stores that have closed in the last 10 years

By 2008, the company had declared bankruptcy and closed all locations by the end of that year. The chain was bought by that Dragon's Den bloke Peter Jones and 31 stores have …

This photo is from 2008 in Greenbrae, Calif.Hecht's Department Stores began in 1857 in Baltimore, and by 2005 had 61 stores around Maryland and in the District of Columbia, North Carolina, Tennessee and Pennsylvania, and also operated 20 Strawbridges in Delaware, New Jersey and Pennsylvania. AP Photo/Ron Heflin However, a changing market for books nudged by electronic books cut into the company's bottom line, and the next year the company filed for bankruptcy and closed all of its U.S. stores. Clintons, the card retailer, fell into administrationbut was bought by its existing owners in a pre-agreed deal that protects its 332 stores an… It still operates today in China.

Education Images/Getty Images Linens 'n Things was a housewares chain that was founded in 1975 and numbered over 500 stores by 2006, but eventually closed its brick-and-mortar stores … The Times Square location is shown in this 1971 photo.Discount department store Caldor started in Connecticut in 1951, and became a successful regional chain. However a federal investigation discovered the company routinely understated its income to avoid taxes and committed securities fraud after going public.

Shuttershock That same year, the chain decided to discontinue clothes for boys, and two years later the chain was purchased by Forever 21 and eventually all the stores were phased out.Levitz Furniture was founded in 1910 in Pennsylvania and the furniture warehouse store eventually became known for its advertising tagline "You'll Love It at Levitz." However, the company filed for Chapter 11 bankruptcy in 2008 and eventually closed for good a year later.Steak and Ale was founded in 1966, and by the 1980s, the dinner house chain had grown to 280 locations.

However, the company abruptly announced it was shutting down that year, and all of its stores were subsequently closed. Courtesy of WOW Air Joe Raedle / Getty Images While initially successful with 40 locations and plans to expand to 300, allegations of accounting irregularities and stock price manipulation brought the chain to a close in 1971.Supreme Court Justice Ruth Bader Ginsburg dies at 87The electronics and music retailer famous for its "Nobody Beats the Wiz!" Crazy Eddie was an electronics chain that started in Brooklyn in 1971, and became known for its over-the-top commercials which included variations of the phrase "his prices are insa-a-ane!"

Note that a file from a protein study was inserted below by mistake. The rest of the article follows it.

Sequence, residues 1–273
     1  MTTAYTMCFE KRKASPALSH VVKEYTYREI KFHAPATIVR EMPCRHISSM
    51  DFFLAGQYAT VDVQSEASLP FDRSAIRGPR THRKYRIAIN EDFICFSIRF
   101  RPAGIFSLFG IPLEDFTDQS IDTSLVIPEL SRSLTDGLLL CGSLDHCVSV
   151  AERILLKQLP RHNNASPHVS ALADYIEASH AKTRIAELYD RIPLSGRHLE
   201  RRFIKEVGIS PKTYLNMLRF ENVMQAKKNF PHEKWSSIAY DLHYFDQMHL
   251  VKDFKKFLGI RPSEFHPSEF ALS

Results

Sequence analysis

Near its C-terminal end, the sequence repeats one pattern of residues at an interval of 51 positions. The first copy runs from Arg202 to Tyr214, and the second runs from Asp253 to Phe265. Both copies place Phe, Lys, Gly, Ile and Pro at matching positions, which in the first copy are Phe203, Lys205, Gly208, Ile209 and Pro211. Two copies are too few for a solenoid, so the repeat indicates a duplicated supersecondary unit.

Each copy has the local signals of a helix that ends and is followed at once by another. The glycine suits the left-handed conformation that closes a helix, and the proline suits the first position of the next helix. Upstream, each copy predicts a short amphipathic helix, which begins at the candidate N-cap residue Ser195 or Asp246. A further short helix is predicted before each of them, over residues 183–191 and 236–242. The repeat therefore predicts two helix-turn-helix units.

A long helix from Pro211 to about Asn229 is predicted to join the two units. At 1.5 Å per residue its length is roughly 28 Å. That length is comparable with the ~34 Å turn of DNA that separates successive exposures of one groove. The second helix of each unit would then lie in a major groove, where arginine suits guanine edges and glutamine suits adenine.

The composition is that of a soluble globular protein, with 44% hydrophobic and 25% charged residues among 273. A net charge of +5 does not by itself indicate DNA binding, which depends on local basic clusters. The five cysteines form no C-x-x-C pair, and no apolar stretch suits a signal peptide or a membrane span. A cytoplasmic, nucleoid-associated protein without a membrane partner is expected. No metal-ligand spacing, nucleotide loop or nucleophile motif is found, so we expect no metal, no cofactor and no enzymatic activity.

The online and pop-up bookseller The Book People went into administration a week before Christmas, putting almost 400 jobs at risk. Aaron Brown/Business Insider commercials had 94 locations in New York and around the rest of the Northeast in 1998. However, the concept didn't last, and the last All-Star Cafe shut down in 2007 in Florida. These were closed by the end of 2012.In 2003, sporting goods retailer Sports Authority had more than 200 stores across 33 states, but competition from online stores and other retailers drove the company into bankruptcy in 2016. Thomson Reuters Amazon Eventually all of its stores were shuttered by 1996. AP/Julio Cortez AP Dozens have shut down in 2019. However, competition from other retailers and being leveraged from the acquisition of Pathmark led to the chain's first Chapter 11 filing in 2010, and five years later, it filed for Chapter 11 and closed all of its stores.Boston-based City Sports started in 1983, and eventually operated 27 stores in Massachusetts, New York, Rhode Island, Pennsylvania, Maryland, Vermont and Washington, D.C. However, a decade later after the AOL Time Warner merger, the company couldn't find a buyer for the stores and closed down the U.S. locations. The remaining 65 U.S. locations were closed.

When Woolies closed more than 800 stores in 2008, more than 27,000 people lost their jobs.It was the biggest high street collapse of the decade. However, the company fell into financial trouble by 1979 when its flagship store, above, was sold to Donald Trump, who built Trump Tower in its place. The online boutique furniture brand Swoonwas bought out of administration by its co-founders, Brian Harrison and Debbie Williamson.

As times change, so do the retailers around the country; some are bought out, while others just vanish. AP Photo/Richard Drew Jeff Greenberg/Getty Images However, a family feud among the chain's founders took its toll on the business.

However, the chain had closed by 1996, although the products are still available at Sears and Kmart.Payment of $300 unemployment aid boosters delayed for someB.